In tasting across such a span of time, you really can not only taste the magic that time conjures in fine bottles over time, but also underlying factors such as improvements in science and equipment over time, grower experience in vineyards, slight changes in approach and objectives among vintners, shifting market demand patterns, and more. Wineries keep meticulous records with an eye toward letting the past inform the future in a way that benefits all of us, and I for one take immense joy in the revelations that can be provided by retrospective tastings.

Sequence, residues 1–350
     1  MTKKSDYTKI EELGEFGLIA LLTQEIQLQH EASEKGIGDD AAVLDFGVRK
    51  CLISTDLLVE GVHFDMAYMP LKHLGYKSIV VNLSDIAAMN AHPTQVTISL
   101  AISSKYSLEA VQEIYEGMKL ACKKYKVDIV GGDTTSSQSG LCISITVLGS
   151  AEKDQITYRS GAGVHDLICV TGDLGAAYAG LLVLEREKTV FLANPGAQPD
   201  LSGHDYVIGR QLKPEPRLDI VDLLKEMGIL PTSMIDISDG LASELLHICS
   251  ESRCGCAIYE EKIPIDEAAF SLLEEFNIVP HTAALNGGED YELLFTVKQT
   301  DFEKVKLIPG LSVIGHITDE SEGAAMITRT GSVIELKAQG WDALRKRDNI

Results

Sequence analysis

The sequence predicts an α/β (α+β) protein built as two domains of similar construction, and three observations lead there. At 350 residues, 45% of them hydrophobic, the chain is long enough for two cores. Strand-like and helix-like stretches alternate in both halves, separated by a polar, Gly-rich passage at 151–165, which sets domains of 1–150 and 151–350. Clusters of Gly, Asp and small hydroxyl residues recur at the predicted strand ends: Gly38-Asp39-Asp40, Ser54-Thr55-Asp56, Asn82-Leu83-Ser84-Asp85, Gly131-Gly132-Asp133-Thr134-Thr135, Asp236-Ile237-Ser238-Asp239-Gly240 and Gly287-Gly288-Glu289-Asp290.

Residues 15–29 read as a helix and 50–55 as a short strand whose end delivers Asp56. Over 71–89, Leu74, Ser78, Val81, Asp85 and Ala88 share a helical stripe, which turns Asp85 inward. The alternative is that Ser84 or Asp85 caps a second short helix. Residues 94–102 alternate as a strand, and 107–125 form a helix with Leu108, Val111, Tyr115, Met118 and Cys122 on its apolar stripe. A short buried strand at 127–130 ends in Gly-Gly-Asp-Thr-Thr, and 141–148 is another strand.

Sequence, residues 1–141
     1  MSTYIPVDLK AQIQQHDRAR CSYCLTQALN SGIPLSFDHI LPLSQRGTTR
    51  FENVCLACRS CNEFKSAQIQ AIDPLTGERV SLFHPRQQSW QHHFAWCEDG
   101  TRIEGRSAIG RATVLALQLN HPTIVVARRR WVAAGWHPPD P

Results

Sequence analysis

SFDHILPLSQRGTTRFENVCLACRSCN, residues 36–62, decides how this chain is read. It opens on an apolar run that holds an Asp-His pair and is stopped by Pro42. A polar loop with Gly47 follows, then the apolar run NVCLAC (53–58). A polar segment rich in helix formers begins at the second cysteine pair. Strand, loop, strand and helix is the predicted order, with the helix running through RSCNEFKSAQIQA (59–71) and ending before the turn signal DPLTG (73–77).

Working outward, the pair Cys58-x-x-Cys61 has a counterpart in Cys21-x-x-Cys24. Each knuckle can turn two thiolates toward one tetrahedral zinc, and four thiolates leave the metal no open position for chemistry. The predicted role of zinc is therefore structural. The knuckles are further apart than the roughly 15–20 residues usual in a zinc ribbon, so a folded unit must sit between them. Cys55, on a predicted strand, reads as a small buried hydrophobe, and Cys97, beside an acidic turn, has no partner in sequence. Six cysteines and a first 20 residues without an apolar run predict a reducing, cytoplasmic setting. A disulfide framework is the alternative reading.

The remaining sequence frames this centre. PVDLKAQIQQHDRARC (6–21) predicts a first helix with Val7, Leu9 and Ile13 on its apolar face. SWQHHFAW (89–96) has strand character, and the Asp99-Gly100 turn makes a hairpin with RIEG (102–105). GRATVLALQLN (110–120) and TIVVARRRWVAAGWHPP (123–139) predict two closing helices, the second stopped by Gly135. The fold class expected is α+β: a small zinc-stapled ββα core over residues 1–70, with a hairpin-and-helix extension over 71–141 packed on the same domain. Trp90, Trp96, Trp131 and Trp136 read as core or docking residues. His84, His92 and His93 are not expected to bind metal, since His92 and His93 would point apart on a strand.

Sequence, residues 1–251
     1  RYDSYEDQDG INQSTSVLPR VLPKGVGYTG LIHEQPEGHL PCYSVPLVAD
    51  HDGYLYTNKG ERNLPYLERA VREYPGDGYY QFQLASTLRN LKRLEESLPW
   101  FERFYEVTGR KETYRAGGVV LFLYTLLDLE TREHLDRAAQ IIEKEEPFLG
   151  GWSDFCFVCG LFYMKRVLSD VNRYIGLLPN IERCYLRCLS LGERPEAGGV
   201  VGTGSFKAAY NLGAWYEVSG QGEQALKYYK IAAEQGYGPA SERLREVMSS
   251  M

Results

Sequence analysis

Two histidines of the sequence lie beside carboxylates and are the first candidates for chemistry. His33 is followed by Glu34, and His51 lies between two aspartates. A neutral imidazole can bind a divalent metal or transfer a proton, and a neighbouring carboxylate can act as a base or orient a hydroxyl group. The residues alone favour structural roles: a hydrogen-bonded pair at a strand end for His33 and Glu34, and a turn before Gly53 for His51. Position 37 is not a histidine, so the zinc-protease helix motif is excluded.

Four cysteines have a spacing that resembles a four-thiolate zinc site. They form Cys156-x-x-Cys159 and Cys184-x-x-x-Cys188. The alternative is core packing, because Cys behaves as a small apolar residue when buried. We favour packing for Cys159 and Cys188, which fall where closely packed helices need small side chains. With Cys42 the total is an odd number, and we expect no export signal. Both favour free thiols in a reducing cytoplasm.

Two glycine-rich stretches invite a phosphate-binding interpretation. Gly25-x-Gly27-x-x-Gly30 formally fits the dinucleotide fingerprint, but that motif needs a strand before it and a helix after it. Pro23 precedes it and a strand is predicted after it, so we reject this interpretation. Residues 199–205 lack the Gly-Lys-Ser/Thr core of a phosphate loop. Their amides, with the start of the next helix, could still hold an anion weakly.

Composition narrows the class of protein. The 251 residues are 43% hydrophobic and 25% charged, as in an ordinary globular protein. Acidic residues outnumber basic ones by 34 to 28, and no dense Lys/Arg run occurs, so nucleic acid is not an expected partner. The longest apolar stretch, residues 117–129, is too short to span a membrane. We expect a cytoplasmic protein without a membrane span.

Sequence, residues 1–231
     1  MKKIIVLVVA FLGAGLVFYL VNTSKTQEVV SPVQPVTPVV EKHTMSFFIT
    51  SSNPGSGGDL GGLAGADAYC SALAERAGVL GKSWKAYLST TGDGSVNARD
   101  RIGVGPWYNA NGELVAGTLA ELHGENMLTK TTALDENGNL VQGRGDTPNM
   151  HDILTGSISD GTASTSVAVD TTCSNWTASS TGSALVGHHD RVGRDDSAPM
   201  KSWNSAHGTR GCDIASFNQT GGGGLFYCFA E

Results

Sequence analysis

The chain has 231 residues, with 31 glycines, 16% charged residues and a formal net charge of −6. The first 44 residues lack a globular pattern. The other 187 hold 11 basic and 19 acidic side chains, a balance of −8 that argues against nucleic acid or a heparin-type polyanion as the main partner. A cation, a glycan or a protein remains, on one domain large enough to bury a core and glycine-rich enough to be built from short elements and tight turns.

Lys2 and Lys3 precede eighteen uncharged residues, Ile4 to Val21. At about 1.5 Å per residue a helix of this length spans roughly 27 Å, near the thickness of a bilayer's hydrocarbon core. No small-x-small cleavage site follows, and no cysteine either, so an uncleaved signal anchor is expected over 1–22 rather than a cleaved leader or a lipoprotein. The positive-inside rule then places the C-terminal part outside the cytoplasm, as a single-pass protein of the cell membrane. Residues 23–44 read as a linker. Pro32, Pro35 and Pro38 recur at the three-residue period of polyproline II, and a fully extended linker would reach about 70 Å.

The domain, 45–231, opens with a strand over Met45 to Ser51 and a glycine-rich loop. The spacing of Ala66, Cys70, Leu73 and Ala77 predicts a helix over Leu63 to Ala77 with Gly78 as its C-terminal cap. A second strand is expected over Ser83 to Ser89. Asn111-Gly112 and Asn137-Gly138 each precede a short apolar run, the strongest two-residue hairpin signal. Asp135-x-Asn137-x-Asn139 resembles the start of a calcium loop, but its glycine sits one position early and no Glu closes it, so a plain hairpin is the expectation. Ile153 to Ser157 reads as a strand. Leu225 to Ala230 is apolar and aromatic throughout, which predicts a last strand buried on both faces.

Now, I realize that not everyone gets the opportunity to do this sort of thing, but if you love wine and love deepening your appreciation of it, I’d encourage you to keep an eye out for similar opportunities. Wine dinners or tastings offering a “vertical” selection of wines from multiple vintages are not so rare, and as experience shows, most things become easier to find once you learn what you’re looking for — and what can be gained from a successful search.